Chicago Closing Comments - Tuesday

15/05/12 -- Soybeans: Jul 12 Soybeans closed at USD14.13, up 26 cents, Nov 12 Soybeans closed at USD13.05, up 10 1/4 cents; Jul 12 Soybean Meal closed at USD417.20, up USD13.70; Jul 12 Soybean Oil closed at 51.47, up 17 points. The soy complex rallied as fund money came back into the market, buying an estimated 8,000 beans, 3,000 meal, 2,000 soyoil on the day. Better than expected German growth just helped the Eurozone avoid slipping into an official recession in Q1 of 2012. That seemed to ease a few Eurozone fears, although there seems to have been little progress on Greece which appears to be heading for another election next month. Beans managed to shrug off weak crude oil and a firmer dollar, led by front month July gaining on old crop tightness in supply. Developments in Europe look set to dominate in the coming weeks, as they dictate whether fund money flows into, or out of, the grains sector.

Corn: Jul 12 Corn closed at USD5.97 1/4, up 14 1/4 cents; Dec 12 Corn closed at USD5.14 1/2, up 9 cents. Funds were said to have taken advantage of the recent price dip to buy around 11,000 corn contracts on the day. Regardless of what the futures market is doing, cash availability is tight and looks set to stay that way until new crop comes along. With US corn plantings at 87% complete versus the 5 year average pace of 66% and emergence well ahead of normal there is every chance that the harvest will begin earlier than usual this year. As with soybeans, this was a fairly decent performance given crude oil setting to fresh 2012 lows and the dollar strength. Also as in the case of soybeans, Europe probably holds the key going forward.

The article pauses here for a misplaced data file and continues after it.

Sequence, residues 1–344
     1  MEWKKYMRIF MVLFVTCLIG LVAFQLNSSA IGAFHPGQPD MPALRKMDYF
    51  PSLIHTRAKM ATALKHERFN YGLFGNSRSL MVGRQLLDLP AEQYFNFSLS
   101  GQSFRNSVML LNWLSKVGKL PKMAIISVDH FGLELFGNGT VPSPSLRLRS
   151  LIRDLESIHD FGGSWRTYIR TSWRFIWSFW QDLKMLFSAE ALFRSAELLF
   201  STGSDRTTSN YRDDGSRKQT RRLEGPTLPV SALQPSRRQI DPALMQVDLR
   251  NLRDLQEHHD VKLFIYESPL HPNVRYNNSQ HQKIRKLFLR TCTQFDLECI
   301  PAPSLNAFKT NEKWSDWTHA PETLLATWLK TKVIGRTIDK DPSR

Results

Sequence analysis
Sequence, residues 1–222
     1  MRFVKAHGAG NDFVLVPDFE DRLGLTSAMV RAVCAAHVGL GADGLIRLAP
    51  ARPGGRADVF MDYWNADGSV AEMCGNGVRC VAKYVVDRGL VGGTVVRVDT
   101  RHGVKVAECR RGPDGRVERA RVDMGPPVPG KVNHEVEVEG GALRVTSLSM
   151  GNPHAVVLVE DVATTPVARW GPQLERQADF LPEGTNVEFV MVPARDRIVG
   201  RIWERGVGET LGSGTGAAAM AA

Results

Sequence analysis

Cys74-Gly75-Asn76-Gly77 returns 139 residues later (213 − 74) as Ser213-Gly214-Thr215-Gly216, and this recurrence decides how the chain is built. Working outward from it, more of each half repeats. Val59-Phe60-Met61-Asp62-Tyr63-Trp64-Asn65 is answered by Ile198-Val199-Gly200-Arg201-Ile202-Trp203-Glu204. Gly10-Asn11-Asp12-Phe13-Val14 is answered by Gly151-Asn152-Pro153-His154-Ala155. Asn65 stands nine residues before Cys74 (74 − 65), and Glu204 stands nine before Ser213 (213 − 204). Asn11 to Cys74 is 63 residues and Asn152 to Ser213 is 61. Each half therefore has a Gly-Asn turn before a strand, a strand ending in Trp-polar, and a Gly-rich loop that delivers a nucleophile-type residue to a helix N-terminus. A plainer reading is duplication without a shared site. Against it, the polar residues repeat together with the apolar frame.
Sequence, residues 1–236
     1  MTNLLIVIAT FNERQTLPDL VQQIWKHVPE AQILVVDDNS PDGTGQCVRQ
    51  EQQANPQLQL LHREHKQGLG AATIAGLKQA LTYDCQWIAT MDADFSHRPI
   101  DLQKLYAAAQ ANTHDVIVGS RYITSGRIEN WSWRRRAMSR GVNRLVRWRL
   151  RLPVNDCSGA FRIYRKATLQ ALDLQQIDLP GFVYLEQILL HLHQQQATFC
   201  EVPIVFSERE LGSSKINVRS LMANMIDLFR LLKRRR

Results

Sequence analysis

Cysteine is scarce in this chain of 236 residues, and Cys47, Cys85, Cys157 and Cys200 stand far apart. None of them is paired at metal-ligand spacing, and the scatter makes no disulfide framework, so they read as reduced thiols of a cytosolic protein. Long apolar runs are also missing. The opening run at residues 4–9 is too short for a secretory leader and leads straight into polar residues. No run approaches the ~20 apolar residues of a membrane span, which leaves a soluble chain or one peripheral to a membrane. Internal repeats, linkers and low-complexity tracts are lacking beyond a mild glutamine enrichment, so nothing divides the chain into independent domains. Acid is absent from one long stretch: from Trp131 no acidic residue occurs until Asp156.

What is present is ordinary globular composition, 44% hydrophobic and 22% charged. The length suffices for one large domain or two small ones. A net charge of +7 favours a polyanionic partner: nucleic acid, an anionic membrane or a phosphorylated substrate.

Wheat: Jul 12 CBOT Wheat closed at USD6.08 1/2, up 10 1/4 cents; Jul 12 KCBT Wheat closed at USD6.27 1/2, up 13 cents; Jul 12 MGEX Wheat closed at USD7.50 1/2, up 24 3/4 cents. Funds bought an estimated 2,000 Chicago wheat contracts on the day, perhaps surprised by the sharp drop in winter wheat crop conditions reported by the USDA Monday night, with Kansas falling from 60% to 52% good/excellent in just a week. There is some talk of "irreversible" damage to winter wheat in parts of Southern Russia. Kazakhstan is only expecting an average crop this year, after bumper production in 2011. They will export a record 13 MMT of grains in 2011/12, according to their Ag Ministry. Wheat remains very much a follower of corn and soybeans, and will be the first to come under harvest pressure with the combines expected to be rolling in Kansas within the next few weeks.